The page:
Window A/C in a door?

Status
Not open for further replies.

gdoebs

New User
Geoff
I'd like to put A/C in my shop. I've look at portable units but don't have the space for one, nor do I want to drill holes in the side of my garage/shop. They are also too expensive for me right now. I don't have a window but I do have a steel entry door. It has some rust on the bottom of it, so it should probably be replaced someday. I'm wondering if it's possible to cut a hole in the door, add some framing to reinforce the door and to provide a place to mount a window A/C unit. Window units are much cheaper.

Anybody think it would work? Worst case is that it doesn't work well and I just replace the door, or build a wood one suitable to hold the A/C unit.
 

MikeL

New User
Michael
It can work! I also wanted to add an A/C unit to my garage shop. It was somewhat of an experiment, but it worked. I will take a few photos tomorrow to share with you. The biggest challenge was providing support/security for the unit. Depending on how your door is constructed, you may find that once you cut out the hole for the unit that there is some flexing at the edges along the cuts (my experience). I got creative with some angle, channel, etc. In the end, it worked. The door will be easy enough to replace should I need to in the future.
 

Gotcha6

Dennis
Corporate Member
The biggest problem will be stress to the hinge screws. This, in turn, will cause flexing in the jamb. Get some long screws for the hinges that will take the screw into the door jack. Is the door a flush commercial type door, or a residential door?
 

Truefire

Chris
User
Go for it brother, on those hot "dog days" you that are just around the corner and it is too hot to do anything else enjoyable you will be able to find solace there in your shop.

Go for it....

Chris
 

Joe Scharle

Joe
Corporate Member
Don't know your environment, but a castor at the bottom of the door could help support the extra weight.
 

gdoebs

New User
Geoff
The biggest problem will be stress to the hinge screws. This, in turn, will cause flexing in the jamb. Get some long screws for the hinges that will take the screw into the door jack. Is the door a flush commercial type door, or a residential door?
Excellent point. I didn't think about that. And knowing that this door was probably installed like my front and back door, the only thing holding it in are the finish nails through the brick molding! I'll definately reinforce the hinges!

The door is a residential door with the fake raised panels.
 

MikeL

New User
Michael
Here are some photos of my solution. Please keep in mind that I never used this door. While I can still open it, it cannot be opened all the way. Depending on the depth of the unit installed and nearby exterior wall restrictions, you may or may not be able to open the door all the way. It may be hard to see how I put this together. I'd be happy to answer any questions. Hope this helps.

Mike








 

MikeL

New User
Michael
It is not very clear in the photos, but there are four carriage bolts used in total. First, two were used to bolt two pieces of angle together. These two pieces are positioned in the same orientation, an inverted "L" shape, on both the interior and exterior sides of the door. Positioning the middle piece of angle this way allowed the horizontal leg of the angle to span the depth of the door (the metal door is hollow and filled with foam). I found this necessary to provide adequate support for the unit. I then used two carriage bolts on the inside to secure a third piece of angle against the A/C unit's bottom flange. ***IMPORTANT NOTE*** I had to go ahead and install the last two carriage bolts before mounting the middle piece and tightening the first set of bolts used (I had to undo and redo some work once I discovered this!!!) I positioned these last two carriage bolts on the far left and right sides so that the carriage heads were located in the voids of the raised panel door. I wish I had some in-progress pics to share. Good luck!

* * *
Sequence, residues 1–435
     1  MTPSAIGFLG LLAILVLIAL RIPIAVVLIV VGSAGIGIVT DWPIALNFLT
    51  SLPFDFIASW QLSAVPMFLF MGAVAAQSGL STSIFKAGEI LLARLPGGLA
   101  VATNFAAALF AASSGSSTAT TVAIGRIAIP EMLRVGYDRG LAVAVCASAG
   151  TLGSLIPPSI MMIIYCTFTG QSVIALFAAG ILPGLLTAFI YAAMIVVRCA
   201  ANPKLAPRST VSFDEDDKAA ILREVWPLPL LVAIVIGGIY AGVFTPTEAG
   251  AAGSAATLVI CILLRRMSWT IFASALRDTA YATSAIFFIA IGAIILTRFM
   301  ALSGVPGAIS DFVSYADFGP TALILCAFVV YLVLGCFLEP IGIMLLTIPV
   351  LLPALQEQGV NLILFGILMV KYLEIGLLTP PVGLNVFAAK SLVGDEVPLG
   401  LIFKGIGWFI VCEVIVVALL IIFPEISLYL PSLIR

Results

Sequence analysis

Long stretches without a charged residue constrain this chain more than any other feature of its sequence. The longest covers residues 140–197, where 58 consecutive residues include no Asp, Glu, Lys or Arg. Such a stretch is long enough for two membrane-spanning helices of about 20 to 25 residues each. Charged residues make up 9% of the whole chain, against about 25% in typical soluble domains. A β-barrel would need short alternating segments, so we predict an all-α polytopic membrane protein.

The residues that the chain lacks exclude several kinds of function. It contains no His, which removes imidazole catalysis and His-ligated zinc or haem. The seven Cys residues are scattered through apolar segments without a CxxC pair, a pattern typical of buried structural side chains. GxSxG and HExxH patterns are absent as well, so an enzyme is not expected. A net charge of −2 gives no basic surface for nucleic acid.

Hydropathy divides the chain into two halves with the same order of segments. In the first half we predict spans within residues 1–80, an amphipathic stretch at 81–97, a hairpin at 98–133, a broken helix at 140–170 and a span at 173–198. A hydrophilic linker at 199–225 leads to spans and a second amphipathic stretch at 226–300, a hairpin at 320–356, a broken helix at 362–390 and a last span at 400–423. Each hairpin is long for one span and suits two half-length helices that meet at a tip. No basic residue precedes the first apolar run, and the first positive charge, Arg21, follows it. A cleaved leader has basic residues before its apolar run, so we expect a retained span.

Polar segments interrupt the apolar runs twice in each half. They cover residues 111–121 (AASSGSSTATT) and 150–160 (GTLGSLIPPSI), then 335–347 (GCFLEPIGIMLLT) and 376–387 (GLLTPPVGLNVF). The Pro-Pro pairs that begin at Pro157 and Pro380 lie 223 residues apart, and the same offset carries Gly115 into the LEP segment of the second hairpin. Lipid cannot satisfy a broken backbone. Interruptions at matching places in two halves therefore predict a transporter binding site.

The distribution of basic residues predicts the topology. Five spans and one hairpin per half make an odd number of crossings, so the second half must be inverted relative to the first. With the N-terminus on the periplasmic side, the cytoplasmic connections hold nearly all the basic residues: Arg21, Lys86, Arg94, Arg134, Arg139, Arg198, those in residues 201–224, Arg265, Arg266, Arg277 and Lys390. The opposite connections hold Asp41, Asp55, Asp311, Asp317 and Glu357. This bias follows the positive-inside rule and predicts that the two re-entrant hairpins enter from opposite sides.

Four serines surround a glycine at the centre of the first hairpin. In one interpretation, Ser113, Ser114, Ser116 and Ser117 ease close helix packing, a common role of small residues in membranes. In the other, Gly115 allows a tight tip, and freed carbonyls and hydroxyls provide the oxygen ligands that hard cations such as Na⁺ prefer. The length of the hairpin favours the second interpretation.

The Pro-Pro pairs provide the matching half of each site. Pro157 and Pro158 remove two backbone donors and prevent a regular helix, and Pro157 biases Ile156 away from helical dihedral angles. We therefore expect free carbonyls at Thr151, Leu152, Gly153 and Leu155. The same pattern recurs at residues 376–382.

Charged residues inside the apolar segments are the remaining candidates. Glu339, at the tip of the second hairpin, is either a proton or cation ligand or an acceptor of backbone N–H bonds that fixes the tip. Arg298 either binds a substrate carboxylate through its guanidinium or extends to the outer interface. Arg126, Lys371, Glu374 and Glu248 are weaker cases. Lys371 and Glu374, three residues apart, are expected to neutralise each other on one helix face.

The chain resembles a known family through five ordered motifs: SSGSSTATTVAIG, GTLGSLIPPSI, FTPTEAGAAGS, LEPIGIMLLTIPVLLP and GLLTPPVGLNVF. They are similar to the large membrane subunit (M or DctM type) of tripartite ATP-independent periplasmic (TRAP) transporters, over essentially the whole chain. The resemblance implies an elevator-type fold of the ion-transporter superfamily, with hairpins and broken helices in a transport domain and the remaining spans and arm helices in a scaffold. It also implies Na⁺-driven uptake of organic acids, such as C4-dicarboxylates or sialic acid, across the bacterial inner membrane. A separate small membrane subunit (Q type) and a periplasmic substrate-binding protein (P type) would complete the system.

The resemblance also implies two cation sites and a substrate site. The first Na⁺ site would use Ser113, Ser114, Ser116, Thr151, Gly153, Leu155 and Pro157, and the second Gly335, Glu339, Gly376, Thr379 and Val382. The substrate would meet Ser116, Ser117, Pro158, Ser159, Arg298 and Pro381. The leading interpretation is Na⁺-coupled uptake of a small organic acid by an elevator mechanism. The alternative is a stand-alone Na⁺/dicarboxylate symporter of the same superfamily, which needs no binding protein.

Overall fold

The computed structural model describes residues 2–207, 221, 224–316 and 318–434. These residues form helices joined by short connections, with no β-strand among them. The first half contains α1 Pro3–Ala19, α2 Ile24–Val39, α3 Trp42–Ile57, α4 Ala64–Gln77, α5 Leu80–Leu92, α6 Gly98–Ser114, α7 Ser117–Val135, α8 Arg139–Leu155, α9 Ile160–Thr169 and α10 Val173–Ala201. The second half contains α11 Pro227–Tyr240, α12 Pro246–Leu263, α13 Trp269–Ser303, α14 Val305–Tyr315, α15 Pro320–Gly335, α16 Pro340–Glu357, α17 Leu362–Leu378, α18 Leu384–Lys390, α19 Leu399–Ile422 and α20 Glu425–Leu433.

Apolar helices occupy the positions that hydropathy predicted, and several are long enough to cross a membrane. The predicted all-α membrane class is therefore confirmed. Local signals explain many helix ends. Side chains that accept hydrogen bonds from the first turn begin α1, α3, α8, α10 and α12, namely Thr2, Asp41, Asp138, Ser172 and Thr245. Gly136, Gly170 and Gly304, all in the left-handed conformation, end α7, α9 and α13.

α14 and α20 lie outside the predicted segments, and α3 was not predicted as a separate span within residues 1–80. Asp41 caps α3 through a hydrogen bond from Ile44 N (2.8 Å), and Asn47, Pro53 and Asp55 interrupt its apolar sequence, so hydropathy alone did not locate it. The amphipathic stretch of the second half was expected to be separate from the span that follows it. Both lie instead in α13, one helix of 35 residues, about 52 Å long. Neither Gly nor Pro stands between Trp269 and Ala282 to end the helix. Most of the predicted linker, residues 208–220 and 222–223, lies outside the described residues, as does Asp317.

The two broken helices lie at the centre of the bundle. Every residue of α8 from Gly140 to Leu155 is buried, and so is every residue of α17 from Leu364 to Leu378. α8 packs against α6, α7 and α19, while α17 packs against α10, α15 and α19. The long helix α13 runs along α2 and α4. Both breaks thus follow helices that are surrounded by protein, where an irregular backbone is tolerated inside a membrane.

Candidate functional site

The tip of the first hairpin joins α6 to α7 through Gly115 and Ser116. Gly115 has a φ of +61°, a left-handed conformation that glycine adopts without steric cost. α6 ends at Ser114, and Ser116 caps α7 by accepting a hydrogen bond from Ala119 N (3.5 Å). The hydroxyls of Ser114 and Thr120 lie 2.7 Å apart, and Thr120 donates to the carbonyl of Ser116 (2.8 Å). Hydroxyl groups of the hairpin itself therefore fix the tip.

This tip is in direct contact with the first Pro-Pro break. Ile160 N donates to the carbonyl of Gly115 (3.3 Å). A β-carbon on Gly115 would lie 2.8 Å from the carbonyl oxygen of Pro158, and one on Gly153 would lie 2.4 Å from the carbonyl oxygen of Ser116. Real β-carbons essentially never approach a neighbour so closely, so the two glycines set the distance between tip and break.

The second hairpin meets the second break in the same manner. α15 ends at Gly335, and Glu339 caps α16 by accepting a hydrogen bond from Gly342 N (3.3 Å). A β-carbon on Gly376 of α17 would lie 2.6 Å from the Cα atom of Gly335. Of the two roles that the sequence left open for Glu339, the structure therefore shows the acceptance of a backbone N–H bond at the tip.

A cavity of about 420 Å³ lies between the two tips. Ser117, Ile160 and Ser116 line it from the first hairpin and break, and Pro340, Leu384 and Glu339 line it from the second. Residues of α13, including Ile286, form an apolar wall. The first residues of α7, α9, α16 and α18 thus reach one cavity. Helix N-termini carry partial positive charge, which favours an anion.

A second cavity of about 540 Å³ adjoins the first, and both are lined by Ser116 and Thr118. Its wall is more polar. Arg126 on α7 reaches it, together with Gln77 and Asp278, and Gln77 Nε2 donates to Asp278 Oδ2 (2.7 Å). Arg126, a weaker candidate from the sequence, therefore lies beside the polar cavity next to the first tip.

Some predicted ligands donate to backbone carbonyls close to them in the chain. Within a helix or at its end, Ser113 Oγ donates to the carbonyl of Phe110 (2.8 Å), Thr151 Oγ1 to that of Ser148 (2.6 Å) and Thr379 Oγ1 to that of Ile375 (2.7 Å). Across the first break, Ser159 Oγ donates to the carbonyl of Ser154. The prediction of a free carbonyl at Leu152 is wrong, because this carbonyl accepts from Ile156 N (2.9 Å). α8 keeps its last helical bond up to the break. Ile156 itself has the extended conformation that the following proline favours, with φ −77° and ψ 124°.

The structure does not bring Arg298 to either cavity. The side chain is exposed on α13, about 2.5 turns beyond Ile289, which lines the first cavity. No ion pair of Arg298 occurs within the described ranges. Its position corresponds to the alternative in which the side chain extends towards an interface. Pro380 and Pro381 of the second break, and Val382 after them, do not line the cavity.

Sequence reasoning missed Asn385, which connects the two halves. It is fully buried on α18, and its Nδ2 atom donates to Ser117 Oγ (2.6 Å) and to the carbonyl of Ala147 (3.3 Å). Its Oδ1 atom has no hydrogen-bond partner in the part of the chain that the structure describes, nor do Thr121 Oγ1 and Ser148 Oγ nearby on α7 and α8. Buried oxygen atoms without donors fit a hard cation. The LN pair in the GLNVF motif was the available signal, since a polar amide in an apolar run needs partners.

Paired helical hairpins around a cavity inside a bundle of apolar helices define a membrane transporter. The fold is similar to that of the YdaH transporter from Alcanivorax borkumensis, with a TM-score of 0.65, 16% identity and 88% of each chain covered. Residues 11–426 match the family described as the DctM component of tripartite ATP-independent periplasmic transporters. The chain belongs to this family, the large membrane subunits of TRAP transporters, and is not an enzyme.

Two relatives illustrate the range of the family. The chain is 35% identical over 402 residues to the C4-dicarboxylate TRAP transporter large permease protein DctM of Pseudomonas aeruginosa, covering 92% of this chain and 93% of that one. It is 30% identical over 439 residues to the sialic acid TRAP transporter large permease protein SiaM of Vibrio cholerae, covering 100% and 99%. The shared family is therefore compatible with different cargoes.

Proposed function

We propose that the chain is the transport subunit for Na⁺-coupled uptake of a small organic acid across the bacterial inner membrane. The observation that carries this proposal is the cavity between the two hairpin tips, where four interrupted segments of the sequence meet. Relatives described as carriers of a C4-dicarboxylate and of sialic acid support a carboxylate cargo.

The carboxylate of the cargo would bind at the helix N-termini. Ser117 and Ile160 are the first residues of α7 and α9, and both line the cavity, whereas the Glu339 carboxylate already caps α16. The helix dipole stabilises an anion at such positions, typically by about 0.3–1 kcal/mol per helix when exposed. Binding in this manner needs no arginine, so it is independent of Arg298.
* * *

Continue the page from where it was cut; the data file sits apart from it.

junquecol

Bruce
User
Having a welder, I would build a reinforcing frame out of bed rails. (I pick these up for FREE at the dump, or besides the street.) This would stop the door from flexing. Add a castor as Joe suggested. or a diagonal piece of cable, anchored to the framing of the shop.
 

MikeL

New User
Michael
If the door is to remain operable, I would follow the advice expressed above concerning reinforcement. I encountered no issues with flexing, but I do not use the door. My biggest caution would be to consider the depth of the A/C unit if you are hoping to continue using the door as an entrance/exit.
 

gdoebs

New User
Geoff
Thanks guys. I'd like the door to remain operable. I don't use it all the time but our trash and recycling bins are outside that door. The space is just under 400 sqft. and the units I've been looking at are arount 19" deep. I'm guessing that means about 15" would stick out on the outside of the door. I may attempt to install the unit more towards the hinge side to keep more weight on the hinges and get more clearance to open the door. I also like the idea of a castor.

One question: MikeL, what'd you use to cut the hole?
 

MikeL

New User
Michael
I did the majority of the cutting with a circular saw and reversed the blade. I cleaned the corners up with a jig saw.
 
Status
Not open for further replies.

Our Sponsors

LATEST FOR SALE LISTINGS

Top